Here are some other creative answers readers gave to the question, “What are you doing to keep warm?”
Jamie Johnson Mabry -- “We are sitting here in the dark with two flower pots and three candles in a cake pan. We're on our second dozen tea candles now. This time, we got apple cinnamon and our dog, who is blind, tried to get on the table to eat it.”
Amanda Canady Hommel -- “My husband set up our camping tent in the sitting area of our bedroom -- complete with sleeping bags and every blanket in the house.”
Brian Eugene Hall -- “Toilet paper roll doused in rubbing alcohol in a coffee can then lit on fire. Lasts for hours.”
Brittany Moore -- “We had an indoor cookout. Built a fire in the fireplace and let the kids roast hotdogs over the fire.”
Denise Reinss -- “Making coffee with Pepsi or beer cans in the fireplace and then pouring it through the filter.”
Nancy Marschalk -- “Heating bricks or rocks on grill outside wrap in a towel put in you bed so warm.”
After three deployments to Iraq, working long hours at one of the few eateries open during the ice storm that hit the CSRA on Feb. 12 wasn't that big of a deal to Charles Felder.
Felder, a Graniteville resident, U.S. Army veteran and Huddle House employee, spent his time weathering the storm at work.
He was the winner of the Aiken Standard's online contest, which asked readers what they were doing to keep warm during the cold weather and power outages.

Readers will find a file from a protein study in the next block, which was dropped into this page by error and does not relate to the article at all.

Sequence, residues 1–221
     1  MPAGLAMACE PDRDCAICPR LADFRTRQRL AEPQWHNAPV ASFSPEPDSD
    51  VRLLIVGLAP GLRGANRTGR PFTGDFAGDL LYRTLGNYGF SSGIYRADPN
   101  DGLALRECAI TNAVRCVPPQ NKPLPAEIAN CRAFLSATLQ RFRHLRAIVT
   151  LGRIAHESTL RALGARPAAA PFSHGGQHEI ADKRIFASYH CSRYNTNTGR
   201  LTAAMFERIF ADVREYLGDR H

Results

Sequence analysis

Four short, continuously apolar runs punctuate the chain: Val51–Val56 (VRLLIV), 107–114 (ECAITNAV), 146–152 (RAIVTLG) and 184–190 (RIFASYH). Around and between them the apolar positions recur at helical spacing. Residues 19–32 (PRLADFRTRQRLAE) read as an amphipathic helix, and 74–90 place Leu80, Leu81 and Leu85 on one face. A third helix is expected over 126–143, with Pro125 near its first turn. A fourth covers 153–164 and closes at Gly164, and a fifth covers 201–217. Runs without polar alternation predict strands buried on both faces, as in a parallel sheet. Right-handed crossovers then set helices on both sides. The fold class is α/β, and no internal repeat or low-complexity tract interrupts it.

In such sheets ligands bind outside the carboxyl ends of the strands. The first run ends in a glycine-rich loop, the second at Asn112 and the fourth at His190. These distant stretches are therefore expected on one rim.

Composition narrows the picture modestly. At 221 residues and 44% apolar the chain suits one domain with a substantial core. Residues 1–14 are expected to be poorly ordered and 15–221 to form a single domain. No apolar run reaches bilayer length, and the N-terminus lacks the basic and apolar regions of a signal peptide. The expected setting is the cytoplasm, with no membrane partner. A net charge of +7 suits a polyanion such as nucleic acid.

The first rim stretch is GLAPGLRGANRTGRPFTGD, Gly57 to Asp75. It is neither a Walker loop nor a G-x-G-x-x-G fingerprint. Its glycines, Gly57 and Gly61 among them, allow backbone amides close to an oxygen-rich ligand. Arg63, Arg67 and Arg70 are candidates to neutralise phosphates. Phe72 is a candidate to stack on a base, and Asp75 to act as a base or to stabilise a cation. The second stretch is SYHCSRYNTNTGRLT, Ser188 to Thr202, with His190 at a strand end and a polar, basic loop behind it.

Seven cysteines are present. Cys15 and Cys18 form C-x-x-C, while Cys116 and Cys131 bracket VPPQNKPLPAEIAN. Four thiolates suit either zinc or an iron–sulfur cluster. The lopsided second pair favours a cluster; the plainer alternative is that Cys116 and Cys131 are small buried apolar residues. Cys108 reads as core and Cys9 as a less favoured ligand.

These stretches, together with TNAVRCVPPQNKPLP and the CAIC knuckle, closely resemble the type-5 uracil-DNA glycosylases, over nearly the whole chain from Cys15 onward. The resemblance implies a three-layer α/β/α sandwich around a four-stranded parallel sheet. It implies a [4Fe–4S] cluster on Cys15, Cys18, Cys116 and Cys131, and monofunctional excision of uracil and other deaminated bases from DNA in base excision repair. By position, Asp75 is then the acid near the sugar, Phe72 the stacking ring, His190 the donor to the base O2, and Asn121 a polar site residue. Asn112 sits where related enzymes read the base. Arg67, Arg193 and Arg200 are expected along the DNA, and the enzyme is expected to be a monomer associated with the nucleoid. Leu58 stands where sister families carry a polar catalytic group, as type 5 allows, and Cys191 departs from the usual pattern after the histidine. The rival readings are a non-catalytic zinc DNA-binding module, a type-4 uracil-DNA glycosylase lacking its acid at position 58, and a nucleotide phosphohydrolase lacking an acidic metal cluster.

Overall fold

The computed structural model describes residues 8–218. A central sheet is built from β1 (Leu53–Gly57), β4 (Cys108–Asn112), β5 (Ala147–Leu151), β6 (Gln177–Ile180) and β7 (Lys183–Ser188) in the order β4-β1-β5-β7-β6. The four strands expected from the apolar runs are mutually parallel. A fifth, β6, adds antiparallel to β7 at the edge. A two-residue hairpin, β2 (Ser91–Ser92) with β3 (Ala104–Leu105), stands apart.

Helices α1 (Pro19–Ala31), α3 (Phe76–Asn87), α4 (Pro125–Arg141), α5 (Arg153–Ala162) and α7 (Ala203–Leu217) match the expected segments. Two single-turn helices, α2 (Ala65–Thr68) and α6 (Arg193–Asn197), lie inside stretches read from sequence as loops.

More than a dozen people responded, but Felder's answer scored a $25 gas card.
Felder said he worked about 25 hours of overtime within three days at the Graniteville Huddle House in efforts to feed residents without power.
“… I have (no power) at home, so I am using this as a blessing to stay warm and as a chance to give back to others in the same situation as me and my family …” he wrote on the Aiken Standard Facebook page.
On the day of the storm and in the days that followed, business at the restaurant was nonstop, Felder said.
Residents without electricity poured in to get a hot meal, he said. Some were even going over to the restaurant's attached Kent's Corner to take a shower, Felder said.
Also, power crews and emergency responders were frequently dropping by for to-go orders.
“It's been crazy,” Felder said. “On Wednesday night, we were one of the only restaurants open between North Augusta and Aiken.”
He said people were dropping $10 to $20 tips.
One of their frequent customers, Ronnie Chance, even volunteered to help take orders and wash dishes to help staff handle the crowd.
Felder said he didn't expect his answer to win, though.
“It was a great way to stay warm,” Felder said. “All I was doing was doing my job.”
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